Birthright AFRICA Wants to Connect Young Black People to Their Cultural Legacy With Trips to Africa
We speak with one of the program's creators about its mission, growth and why connecting Africans in the diaspora to their heritage matters.
Birthright AFRICA is a program dedicated to helping black people outside of the continent reconnect with their African roots. The project, founded and helmed by Walla Elsheikh and Diallo Shabazz wants participants to have transformative, immersive experiences that connect young black people to their heritage and history. Last year, Birthright AFRICA helped send a group of college students on a pilot trip to Ghana, and the results are what Elsheikh describes as "life changing."
Next, the creators want to expand Birthright AFRICA to make it a globally recognized experience available to black people across the diaspora. We spoke with one of its creators, Sudanese-American educator Walla Elsheikh about the program's mission, its growth, the power of reconciliation, and how others can get involved in ensuring that people of African ancestry throughout the globe finally receive their birthright.
Read our conversation below.
Image courtesy of Birthright AFRICA
This interview was edited for length and clarity.
What led you to register the domain name for Birthright AFRICA years before the program had even started?
When I learned about Birthright Israel, I said, "Wow, why isn't something like this happening for black people, for the people of African descent to connect with the continent?" I was going through my own understanding of how much I didn't know about my history as a person of African descent growing up mostly in the US, and having Westernized education, all my life.
There's so much more to the story of who we are as a people, in terms of the great civilizations and kingdoms and queendoms that our people developed—the science, the technology, the arts, the culture. But unless you had that parent at home that really got you to read or share those stories with you, you don't know this information, you don't know this history. I told myself "I want to bring others along on this journey of trying to discover who they are, and so, I came up with the concept of Birthright AFRICA," and went to see if anyone else had already started it.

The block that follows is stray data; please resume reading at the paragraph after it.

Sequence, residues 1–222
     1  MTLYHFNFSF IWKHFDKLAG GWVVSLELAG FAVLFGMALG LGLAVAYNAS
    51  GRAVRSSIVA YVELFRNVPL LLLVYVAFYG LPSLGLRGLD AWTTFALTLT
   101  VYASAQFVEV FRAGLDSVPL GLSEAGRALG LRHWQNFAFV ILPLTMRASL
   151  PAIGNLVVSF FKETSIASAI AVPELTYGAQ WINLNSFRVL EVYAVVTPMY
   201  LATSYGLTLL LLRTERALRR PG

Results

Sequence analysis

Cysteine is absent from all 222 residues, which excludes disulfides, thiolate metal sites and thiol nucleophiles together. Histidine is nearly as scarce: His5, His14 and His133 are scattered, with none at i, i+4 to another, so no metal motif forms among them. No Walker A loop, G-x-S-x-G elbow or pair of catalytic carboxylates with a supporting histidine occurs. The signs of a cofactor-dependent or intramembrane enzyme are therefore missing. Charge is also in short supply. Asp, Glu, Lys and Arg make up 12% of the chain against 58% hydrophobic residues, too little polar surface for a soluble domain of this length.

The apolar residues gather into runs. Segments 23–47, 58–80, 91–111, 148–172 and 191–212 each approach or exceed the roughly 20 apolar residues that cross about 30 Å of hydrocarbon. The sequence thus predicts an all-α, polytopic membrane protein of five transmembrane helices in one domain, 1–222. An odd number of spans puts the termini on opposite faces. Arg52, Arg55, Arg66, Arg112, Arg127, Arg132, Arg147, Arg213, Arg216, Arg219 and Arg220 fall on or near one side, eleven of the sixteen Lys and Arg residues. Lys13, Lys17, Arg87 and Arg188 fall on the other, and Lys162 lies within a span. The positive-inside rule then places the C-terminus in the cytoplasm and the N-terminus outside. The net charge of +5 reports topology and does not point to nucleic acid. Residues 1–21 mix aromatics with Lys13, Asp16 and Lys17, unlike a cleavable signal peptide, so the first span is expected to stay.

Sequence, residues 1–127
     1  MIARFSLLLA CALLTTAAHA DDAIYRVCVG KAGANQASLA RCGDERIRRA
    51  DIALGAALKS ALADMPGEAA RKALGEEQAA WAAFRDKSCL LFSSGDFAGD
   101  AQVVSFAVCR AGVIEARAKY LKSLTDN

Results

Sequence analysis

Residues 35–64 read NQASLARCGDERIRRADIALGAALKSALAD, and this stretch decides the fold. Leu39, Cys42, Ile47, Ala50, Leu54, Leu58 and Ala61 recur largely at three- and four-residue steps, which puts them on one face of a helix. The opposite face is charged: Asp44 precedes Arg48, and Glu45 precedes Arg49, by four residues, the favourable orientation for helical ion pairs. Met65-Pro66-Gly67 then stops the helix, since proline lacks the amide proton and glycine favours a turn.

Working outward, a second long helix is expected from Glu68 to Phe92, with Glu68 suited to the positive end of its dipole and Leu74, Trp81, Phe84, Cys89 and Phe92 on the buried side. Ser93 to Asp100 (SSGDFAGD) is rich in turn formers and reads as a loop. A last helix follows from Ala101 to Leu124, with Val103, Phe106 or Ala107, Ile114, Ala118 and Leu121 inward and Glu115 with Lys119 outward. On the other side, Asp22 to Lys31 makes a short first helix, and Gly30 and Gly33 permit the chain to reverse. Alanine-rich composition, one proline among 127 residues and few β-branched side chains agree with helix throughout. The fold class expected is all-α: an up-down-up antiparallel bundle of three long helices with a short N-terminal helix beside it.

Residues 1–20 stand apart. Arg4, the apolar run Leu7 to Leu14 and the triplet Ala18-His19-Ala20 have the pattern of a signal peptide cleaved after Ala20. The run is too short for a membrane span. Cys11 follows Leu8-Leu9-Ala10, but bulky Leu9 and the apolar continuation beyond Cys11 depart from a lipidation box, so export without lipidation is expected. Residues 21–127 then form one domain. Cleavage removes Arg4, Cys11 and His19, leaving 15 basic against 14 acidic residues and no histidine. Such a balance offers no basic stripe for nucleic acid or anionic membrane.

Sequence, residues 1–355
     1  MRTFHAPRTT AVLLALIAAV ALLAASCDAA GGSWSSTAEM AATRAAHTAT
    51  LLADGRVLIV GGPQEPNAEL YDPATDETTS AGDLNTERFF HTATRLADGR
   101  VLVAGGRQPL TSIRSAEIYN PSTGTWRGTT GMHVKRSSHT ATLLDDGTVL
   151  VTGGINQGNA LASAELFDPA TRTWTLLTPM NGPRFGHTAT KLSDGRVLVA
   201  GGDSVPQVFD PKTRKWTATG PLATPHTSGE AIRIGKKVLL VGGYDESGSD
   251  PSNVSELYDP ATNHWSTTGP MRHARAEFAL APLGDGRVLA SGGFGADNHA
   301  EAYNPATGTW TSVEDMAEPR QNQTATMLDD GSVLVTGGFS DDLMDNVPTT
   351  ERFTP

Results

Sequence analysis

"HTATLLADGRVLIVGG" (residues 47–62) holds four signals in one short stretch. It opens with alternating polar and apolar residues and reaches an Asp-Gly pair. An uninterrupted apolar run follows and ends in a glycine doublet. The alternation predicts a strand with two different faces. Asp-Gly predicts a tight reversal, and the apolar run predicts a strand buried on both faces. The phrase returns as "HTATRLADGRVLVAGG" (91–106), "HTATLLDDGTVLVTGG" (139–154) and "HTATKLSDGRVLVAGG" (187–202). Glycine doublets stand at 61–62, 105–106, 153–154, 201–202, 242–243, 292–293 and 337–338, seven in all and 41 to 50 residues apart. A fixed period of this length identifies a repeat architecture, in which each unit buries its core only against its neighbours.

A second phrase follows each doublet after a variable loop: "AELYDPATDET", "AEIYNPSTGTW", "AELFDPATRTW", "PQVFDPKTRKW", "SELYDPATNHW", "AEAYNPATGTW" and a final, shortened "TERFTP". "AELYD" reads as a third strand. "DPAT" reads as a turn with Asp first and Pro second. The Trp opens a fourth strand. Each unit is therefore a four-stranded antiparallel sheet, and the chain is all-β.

While there are groups that are already going to the continent, a lot of times you have to pay for it and it's a barrier, especially for those without the money, we're looking to build a system of organizations to make it a reality.
How has the program grown since you first came up with the concept? Where is it now?
Because I wanted to really make sure I understood what I was doing and develop myself professionally to be able to lead this mission, I actually jumped into the education sector first and have worked within it over the last 10 years, knowing I could bring all that understanding to how to build Birthright AFRICA and essentially that's what I've been able to do the last couple of years. We piloted the program for the first time at City University of New York last year.
I identified the space of college and career readiness and learned that we were developing young people for this 21st Century economy that's really driven by creativity and innovation. A big part of that is helping young people understand the skills and knowledge that they need for that. I tied it back to having an understanding of who we are, of our legacies as people. And for people of African descent, those are really the stories and the narratives that are missing for us, to understand not only historically, but also present day. As part of the program, you explore cultural sites, museums and universities to hear from professors of African studies, African American studies, and Black studies, but we also visit innovation partners, and these are organizations owned, managed or led by people of African descent.